Today is Oiling Day!
If you are a reader of my blog you will of come to realise that my posts are like diary entries. A place where I can write a few words to remind myself of what I’ve been up to.
When it comes to oiling my vintage machines I like to oil / lubricate one section at a time so I don’t miss any sneaky holes or pivot points.
I then oil the hook bearing by applying a drop of oil so it falls just behind the bobbin case plate.
Under the top cover plate are some more oil holes and gears. To lubricate the gears I smear a little Singer lubrication for motors onto a couple of the teeth, then turn the hand wheel to spread the lubricant across the rest of the gears.
Here’s a close up of some of the oil points you’ll find on top of the machine – there are also a few along the side and one on the bobbin winder.
To reach the parts under the bed of the machine remove the large cover plate and tubular bed cover by unscrewing the nut / screw.
Then pop some oil into the oil holes (green lines), pivot points (pink lines) and singer electric motor lubricant onto the gears (yellow arrow).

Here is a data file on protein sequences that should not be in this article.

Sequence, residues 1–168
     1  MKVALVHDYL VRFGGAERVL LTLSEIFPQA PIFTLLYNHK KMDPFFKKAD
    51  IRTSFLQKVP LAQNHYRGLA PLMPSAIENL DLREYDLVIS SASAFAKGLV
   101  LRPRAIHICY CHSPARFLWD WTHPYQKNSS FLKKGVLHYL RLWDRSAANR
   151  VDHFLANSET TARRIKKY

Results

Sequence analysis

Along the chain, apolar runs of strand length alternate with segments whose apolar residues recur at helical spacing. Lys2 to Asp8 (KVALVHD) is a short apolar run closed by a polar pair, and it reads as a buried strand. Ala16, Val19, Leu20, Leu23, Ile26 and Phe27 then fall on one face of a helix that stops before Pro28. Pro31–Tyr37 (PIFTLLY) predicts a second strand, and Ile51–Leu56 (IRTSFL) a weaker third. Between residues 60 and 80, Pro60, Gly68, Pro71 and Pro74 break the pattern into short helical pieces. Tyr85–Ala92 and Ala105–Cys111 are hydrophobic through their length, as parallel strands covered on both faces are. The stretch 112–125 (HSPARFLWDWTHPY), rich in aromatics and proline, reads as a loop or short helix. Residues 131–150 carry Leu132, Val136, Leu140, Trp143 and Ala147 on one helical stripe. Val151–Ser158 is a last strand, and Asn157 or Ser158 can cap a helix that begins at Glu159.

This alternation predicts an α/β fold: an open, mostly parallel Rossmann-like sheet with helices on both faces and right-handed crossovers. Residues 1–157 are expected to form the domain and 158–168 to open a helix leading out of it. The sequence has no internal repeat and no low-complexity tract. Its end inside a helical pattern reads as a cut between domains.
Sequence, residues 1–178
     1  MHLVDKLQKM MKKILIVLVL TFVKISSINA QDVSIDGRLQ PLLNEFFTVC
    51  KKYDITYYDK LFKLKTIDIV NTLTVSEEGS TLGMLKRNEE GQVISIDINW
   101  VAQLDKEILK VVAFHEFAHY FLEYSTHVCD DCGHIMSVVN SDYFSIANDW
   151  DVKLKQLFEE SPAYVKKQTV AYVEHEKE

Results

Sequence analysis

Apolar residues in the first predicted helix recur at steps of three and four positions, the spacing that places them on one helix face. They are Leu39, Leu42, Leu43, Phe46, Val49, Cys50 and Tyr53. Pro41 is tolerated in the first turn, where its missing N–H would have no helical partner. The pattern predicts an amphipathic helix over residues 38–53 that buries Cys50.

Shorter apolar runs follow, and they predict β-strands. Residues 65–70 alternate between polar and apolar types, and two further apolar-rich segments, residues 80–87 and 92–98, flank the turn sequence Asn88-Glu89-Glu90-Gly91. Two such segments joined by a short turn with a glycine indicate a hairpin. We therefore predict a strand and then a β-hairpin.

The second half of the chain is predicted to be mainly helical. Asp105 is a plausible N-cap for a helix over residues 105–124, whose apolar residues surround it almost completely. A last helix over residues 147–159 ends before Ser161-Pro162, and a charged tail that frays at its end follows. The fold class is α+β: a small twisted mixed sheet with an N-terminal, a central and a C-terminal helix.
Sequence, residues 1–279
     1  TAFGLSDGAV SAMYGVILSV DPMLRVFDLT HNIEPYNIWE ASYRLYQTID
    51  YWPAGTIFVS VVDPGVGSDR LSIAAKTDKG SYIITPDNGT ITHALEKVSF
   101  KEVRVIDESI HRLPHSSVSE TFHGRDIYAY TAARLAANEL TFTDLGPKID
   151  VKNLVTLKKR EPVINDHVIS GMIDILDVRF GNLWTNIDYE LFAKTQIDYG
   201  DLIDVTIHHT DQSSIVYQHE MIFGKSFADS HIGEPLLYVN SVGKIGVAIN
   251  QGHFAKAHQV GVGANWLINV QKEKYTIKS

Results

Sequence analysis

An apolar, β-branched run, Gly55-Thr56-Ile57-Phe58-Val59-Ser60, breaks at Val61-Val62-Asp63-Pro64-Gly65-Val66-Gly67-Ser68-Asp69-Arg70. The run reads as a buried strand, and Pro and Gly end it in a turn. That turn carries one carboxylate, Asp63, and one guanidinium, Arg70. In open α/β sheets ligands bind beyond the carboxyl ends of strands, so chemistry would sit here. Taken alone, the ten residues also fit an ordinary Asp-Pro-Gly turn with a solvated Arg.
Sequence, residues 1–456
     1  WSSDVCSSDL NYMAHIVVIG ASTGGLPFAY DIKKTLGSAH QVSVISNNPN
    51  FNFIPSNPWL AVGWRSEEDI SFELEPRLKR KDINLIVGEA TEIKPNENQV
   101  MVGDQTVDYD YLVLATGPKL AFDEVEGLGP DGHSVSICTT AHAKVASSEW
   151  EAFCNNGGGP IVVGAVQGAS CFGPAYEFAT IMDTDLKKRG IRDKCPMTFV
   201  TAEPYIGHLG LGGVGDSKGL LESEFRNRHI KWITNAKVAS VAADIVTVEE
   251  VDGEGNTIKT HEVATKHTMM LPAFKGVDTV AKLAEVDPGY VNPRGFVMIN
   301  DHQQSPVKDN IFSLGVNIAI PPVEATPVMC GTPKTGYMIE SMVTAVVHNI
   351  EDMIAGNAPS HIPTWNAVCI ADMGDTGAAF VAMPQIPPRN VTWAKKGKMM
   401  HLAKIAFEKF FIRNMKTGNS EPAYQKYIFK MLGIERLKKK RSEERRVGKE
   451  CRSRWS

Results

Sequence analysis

Once the tubular and base plates are back on, its time for the motor (this only needs doing every 6 months). There are two grease tubes (one on each side of the motor) which you have to force the lubricant into. It’s really important to use the correct Singer lubricant for this as the motor bearings have a wick feed system. If anyone knows where I can buy some “Singer Lubricant for Electric Motors” in the UK please let me know as I’m running out! – thank you.
All done! One happy machine ready to stitch and share!
If you are reading this post please remember I am not a mechanic – this information is written as a personal reminder of what I have done – I’m not advising you on how best to oil and lubricate your machine! If my car could talk she would tell you that her oil only gets checked when the poor engine is clunking and chunking away to such an extent that it reminds me of my childhood trips in our orange VW camper van!